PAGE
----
*Nigeria has moderate risk for MVD based on data

*Says no case yet in the country

By Chioma Obinna

As the World Health Organsiation, WHO, confirmed an outbreak of Marburg Virus Disease, MVD, in neighbouring country, Ghana, the Nigeria Centre for Disease Control, NCDC, on Wednesday, issued a high alert on the disease, stating that no case has been recorded in Nigeria.

In its High alert following the second incidence of MVD in West Africa, the NCDC explained that the zoonotic disease has been reported in two unrelated males — a 26 year-old and a 51 years old — who both died from the disease.

The Centre also noted that based on available data, the overall risk of both importation of the disease and its potential impact on the Nigerian population is said to be moderate as assessed by experts and NCDC.

The disease was first discovered in 1967 following outbreaks in Marburg and Frankfurt in Germany, and Belgrade, Serbia.

Since then, outbreaks and sporadic cases have been reported in some African countries.

The alert signed by the Director-General of the NCDC, Dr Adetifa, said currently, no case of Marburg virus disease has been reported in Nigeria.

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“However, several measures are being put in place to prevent an outbreak of the disease in-country.

“The National Reference Laboratory has the capacity to test for MVD, point of entry surveillance has been heightened, trained rapid response teams are on standby to be deployed in the event of an outbreak and the NCDC’s Incident Coordination Centre (ICC) is in alert mode.

“The NCDC is also amplifying risk communication efforts and continues to work with states and partners to strengthen preparedness activities which include review of risk communication protocols, plans and messages in the event of an outbreak.

He said already, Ghanaian public health officials are responding with support from WHO to halt the spread of the disease.

“Given the proximity of Ghana to Nigeria as well as the WHO alert, the NCDC-led multi-sectoral National Emerging Viral Haemorrhagic Diseases Working Group (EVHDWG) that coordinates preparedness efforts for MVD, and other emerging viral haemorrhagic diseases, have conducted a rapid risk assessment to guide in-country preparedness activities.

“Based on available data, the overall risk of both importation of the disease and its potential impact on the Nigerian population is said to be moderate as assessed by NCDC experts and partners given the following:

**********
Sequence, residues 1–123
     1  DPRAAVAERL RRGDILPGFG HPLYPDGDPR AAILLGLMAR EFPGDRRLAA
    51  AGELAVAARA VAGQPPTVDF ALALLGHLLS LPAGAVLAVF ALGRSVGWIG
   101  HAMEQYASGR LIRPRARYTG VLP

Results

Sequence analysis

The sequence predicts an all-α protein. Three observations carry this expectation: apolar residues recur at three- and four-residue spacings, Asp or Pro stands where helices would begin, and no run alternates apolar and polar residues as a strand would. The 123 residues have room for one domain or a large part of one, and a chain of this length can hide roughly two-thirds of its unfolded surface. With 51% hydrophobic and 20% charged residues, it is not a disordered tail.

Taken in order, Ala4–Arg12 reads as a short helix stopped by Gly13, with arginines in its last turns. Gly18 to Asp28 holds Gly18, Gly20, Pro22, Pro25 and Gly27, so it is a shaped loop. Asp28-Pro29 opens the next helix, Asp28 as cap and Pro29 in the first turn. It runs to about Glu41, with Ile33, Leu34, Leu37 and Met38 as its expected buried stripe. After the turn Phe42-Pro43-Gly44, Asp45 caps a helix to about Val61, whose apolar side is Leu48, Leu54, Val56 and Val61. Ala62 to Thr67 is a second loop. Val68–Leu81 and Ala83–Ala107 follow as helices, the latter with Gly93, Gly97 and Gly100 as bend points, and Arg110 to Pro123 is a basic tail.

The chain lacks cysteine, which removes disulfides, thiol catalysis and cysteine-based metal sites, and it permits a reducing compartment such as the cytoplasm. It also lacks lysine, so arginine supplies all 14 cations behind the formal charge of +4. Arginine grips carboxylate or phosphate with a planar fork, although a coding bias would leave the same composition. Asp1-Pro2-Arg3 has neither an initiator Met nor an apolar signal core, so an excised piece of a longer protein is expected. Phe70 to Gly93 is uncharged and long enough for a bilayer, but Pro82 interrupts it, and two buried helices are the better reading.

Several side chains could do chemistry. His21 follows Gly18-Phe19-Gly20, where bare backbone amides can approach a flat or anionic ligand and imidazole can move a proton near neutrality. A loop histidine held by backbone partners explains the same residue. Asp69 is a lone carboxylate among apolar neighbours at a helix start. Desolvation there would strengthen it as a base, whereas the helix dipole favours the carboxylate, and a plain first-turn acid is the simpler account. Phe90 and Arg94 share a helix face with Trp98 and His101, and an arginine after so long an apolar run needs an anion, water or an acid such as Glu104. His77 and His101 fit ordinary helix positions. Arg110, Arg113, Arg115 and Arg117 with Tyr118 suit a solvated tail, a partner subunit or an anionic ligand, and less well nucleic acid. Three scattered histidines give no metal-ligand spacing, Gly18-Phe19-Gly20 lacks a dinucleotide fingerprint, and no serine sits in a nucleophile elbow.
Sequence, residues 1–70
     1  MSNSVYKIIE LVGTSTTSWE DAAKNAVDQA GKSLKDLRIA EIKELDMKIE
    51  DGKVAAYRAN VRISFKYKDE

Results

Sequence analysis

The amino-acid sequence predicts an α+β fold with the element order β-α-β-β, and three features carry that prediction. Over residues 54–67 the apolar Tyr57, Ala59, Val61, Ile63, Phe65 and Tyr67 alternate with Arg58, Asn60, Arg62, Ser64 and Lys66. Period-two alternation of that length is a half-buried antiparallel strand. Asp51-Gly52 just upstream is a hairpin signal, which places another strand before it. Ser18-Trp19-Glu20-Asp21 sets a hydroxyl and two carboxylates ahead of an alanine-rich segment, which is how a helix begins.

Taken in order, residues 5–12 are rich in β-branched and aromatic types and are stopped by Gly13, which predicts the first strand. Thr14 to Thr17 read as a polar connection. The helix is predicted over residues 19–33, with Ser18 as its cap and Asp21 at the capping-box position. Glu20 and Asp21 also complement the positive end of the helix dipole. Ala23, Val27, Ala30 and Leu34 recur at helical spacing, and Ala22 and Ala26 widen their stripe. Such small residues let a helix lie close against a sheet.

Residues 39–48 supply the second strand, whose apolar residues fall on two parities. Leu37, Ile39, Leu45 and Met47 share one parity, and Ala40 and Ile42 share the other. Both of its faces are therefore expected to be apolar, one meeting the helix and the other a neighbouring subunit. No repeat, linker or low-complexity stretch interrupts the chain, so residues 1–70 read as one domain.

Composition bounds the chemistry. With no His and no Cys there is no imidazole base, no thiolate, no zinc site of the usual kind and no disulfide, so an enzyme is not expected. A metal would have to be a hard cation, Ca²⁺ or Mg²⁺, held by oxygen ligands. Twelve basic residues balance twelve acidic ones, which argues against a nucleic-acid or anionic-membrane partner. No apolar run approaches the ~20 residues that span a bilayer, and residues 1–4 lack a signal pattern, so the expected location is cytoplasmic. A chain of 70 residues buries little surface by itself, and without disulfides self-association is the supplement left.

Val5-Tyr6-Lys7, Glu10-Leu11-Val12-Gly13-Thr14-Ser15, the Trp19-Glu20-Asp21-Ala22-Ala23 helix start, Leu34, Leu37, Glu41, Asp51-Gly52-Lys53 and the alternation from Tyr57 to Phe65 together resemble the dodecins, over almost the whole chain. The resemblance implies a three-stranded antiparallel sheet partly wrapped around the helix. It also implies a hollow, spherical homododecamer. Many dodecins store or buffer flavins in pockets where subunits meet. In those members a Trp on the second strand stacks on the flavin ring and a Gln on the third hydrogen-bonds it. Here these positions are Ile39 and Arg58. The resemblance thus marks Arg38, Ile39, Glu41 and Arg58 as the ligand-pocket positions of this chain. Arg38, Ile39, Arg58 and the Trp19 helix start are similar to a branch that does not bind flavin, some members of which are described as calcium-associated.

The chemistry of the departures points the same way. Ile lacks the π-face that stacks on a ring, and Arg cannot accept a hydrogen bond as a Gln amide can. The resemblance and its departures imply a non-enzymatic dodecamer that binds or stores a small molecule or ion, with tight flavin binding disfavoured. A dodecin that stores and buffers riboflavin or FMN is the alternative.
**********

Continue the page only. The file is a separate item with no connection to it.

“The proximity (same region), high traffic from Ghana and countries that share borders with Ghana, the incubation period of 21 days of the virus, heightened surveillance at point of entry, Nigeria’s capacity to respond to the outbreak in country and the fact that persons with MVD transmit the virus when they become symptomatic unlike for SARS-CoV-2 that causes COVID-19 that can also be transmitted by infected persons without symptoms.”

He further explained that Nigeria has the capacity to test for the virus presently at the National Reference Laboratory in Abuja and the University of Lagos Teaching Hospital laboratory Centre for Human and Zoonotic Virology.

Also, diagnostic capacity can be scaled up to other laboratories if required.

What it is Marburg

The Marburg virus causes a rare, highly infectious disease and severe haemorrhagic fever (MVD) in humans and non-human primates just like the Ebola virus, its closest relation and only other member of the Filoviridae family of viruses.

It is another example of a zoonosis such as Lassa fever, etc.

The natural animal reservoir/host are fruit bats (Rousettus aegyptiacus). Following the transmission from infected animals to humans, it spreads in humans through direct contact with the bodily fluids of infected people, and contaminated materials and surfaces.

The virus can enter the body through broken skin or mucous membranes in the eyes, nose, or mouth.

The initial symptoms of the disease include sudden onset of fever (Temp ≥37.5OC), chills, headache, body aches which may be accompanied by a rash, most prominent on the chest, back and stomach, nausea/vomiting, chest pain, sore throat, abdominal pain by the fifth day of illness.

Increase in severity of illness can be heralded by the appearance of severe watery diarrhoea, jaundice, inflammation of the pancreas, severe weight loss, bleeding from multiple areas, delirium, shock, liver failure, massive haemorrhaging, and multi-organ dysfunction and/or failure.

In fatal cases, death occurs often between 8 and 9 days after symptom onset. The case fatality rate for MVD is estimated to be 24% to 88%.

The Marburg virus is known to persist in the body – placenta, amniotic fluid, foetus of infected pregnant women, breast milk of women who were infected while breastfeeding and semen – of persons who have recovered from MVD.

Vanguard News Nigeria

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